Position Paper
07 February 2019

(Right) indicators needed on sustainable batteries

EUROBAT welcomes the work of the European Commission on sustainability of batteries in the framework of the European Battery Alliance. Producing green, sustainable batteries in Europe is fundamental to fight climate change and ensure a just transition towards a decarbonized society offering jobs and growth for all Europeans. We believe that Europe needs a coherent legislative framework to promote battery production and ensure that the batteries sold in Europe comply with high environmental and societal standards. Eco-design can be a powerful tool in this sense, but only if well designed and in connection with other policy instruments.

Key priorities

Legislative coherence to ensure business certainty

The coherence of different policy instruments shall be a founding stone for the European industrial strategy on batteries, avoiding any overlap and ensuring business certainty, fundamental to maximize private investments in this field. For instance, the key policy instrument dealing with end-of-life[1] of batteries must remain the Battery Directive, to avoid overlaps with other tools, respecting the principle of better regulation.

Scope of the eco-design regulation: focus on electric vehicles

Batteries are used in a variety of sectors, from SLI batteries to e-mobility, from energy storage to motive applications and telecommunications. Performance requirements are extremely different from one application to the other, and this is the reason why there is no one-size-fits-all among batteries, different designs and chemistries are needed to address the needs of different customers. For instance, energy density is a key feature of batteries for passenger electric vehicles, while it is not so relevant in the case of stationary storage. We therefore believe that the scope of the eco-design regulation should be limited to on-road electric vehicles.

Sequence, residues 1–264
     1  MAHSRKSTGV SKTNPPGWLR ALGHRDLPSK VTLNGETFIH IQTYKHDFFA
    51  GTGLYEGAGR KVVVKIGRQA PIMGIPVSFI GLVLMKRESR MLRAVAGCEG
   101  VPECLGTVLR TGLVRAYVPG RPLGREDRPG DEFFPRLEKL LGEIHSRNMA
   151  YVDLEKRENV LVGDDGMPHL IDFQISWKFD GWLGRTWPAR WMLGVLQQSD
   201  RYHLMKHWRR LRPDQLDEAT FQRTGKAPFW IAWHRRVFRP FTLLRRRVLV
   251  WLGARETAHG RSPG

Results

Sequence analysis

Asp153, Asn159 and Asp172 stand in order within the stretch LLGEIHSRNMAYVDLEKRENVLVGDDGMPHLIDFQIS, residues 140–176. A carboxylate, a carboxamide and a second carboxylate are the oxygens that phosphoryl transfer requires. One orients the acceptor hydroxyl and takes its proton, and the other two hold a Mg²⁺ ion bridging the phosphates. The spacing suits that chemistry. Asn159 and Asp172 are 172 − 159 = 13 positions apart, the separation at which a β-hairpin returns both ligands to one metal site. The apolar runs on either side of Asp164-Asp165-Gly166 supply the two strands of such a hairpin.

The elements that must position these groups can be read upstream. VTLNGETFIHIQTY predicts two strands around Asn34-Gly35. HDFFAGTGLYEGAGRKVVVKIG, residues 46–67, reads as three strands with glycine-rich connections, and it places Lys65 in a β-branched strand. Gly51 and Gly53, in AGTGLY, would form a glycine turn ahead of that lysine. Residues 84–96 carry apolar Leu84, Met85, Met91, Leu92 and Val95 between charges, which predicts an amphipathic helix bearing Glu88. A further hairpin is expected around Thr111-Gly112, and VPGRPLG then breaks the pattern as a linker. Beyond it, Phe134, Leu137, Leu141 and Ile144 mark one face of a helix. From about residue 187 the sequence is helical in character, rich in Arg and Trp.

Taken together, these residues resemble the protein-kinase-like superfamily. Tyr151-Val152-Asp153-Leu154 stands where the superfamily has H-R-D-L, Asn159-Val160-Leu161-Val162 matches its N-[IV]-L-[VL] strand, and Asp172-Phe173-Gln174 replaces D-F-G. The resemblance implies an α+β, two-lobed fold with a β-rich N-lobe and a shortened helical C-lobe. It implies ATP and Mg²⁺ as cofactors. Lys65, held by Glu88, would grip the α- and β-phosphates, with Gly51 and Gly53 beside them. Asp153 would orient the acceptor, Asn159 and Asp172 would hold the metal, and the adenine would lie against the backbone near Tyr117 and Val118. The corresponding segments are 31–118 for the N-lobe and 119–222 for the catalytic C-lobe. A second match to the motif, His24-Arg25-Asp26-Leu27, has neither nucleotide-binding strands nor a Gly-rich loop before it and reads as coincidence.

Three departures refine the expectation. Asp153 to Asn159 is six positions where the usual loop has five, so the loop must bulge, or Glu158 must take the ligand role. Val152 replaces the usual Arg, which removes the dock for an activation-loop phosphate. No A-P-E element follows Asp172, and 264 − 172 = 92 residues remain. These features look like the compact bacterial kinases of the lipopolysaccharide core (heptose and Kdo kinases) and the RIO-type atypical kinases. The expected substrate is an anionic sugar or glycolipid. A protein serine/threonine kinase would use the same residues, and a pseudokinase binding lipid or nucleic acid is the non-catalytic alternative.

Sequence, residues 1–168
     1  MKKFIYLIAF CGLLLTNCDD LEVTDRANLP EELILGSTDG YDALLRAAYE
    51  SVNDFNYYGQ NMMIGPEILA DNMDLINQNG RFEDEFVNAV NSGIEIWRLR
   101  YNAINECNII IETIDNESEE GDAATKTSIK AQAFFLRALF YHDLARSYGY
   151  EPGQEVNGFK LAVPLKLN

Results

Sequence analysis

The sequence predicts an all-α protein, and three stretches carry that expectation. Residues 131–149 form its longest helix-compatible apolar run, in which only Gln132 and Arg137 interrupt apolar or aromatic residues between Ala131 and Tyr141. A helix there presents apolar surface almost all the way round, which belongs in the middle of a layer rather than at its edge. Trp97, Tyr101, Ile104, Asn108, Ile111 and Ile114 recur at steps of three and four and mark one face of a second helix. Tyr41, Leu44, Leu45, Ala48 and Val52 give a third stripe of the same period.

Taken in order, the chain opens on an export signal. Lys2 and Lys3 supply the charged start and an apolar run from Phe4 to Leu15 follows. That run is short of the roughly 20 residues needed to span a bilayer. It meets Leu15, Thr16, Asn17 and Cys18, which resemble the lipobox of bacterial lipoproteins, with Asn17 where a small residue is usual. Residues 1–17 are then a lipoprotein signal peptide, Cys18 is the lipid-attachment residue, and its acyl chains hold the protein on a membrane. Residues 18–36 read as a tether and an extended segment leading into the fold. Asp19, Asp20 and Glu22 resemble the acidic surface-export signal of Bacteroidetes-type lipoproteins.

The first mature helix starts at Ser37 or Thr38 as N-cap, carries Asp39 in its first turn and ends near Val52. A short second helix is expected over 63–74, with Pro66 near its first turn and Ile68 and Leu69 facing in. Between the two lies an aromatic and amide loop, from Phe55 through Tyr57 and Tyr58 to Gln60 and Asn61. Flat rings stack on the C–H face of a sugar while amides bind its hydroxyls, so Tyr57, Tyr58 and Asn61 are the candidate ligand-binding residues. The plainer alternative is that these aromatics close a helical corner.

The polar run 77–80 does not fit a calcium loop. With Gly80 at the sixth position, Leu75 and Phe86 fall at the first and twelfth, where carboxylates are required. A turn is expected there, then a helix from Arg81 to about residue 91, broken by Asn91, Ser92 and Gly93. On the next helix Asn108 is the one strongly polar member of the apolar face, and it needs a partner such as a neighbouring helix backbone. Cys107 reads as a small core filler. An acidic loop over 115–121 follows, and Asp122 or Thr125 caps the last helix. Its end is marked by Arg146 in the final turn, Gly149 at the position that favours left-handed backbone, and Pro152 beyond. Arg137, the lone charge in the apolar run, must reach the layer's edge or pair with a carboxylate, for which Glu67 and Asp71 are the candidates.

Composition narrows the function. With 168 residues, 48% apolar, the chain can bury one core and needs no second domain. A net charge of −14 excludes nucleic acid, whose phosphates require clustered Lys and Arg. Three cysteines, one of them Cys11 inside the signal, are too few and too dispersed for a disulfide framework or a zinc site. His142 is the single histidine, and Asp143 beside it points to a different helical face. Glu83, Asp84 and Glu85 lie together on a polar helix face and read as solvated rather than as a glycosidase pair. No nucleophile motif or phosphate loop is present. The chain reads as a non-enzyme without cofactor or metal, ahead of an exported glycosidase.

Recyclability of batteries

The Circular Economy principle mandates to close the loop of resources, and recycle key materials as much as possible. We are looking forward to the upcoming proposal of the European Commission on the Battery Directive, the key legislative instrument on battery end-of-life, and we remark how the recyclability of different batteries shall be considered among the key indicators for sustainable batteries.

CO2 equivalent content

The predominant CO2 equivalent footprint of batteries takes place during production. We therefore believe that any instrument missing the CO2 eq. content of the battery is a very limited instrument. We strongly believe that the CO2 eq. content shall be taken into account in the framework of the current discussion on battery sustainability.

Durability, dismantlability and other design criteria

Durability and design for second life are often mentioned among possible sustainability requirements for second life. Recommendations on design and dismantlability could favor second life applications, but we must make sure that they do not result in undue costs for manufacturers and they do not restrict the ability to innovate: the EV battery market is still in its infancy, and it is too soon to impose design requirement. Besides, according to the draft preparatory study on eco-design, the volume of EV batteries available for second life in 2030 will outset the demand of energy storage applications by a factor of ten[2]. For these reasons, we call the Commission to adopt a very cautious approach on durability, dismantlability and other design criteria, to avoid the creation of burdens to the industry without real benefits to the environment and to customers.

Critical raw materials and socio-economic considerations

Batteries manufactured with materials sourced from ethically responsible producers, respecting labour requirements and in accordance with the principle of corporate social responsibility, shall be rewarded and promoted. This involves both the environmental conditions of the mines and the social conditions of workers. Possible tools to consider these key aspects include for instance the development of rules on corporate social responsibility and the need to respect the Fundamental ILO Conventions on Labour Conditions.

In conclusion, we believe that any instrument(s) addressing the sustainability of batteries must include indicators for CO2 equivalent content, recyclability and socio-economic considerations (CSR, ethically responsible producers and labour requirements). This instrument, or variety of instruments, will have to be developed coherently with the existing policy framework on batteries, including for instance the Battery Directive.

[1] EPR, collection and recycling.

[2] Second life is anyway not a replacement of recycling, but only a postponement.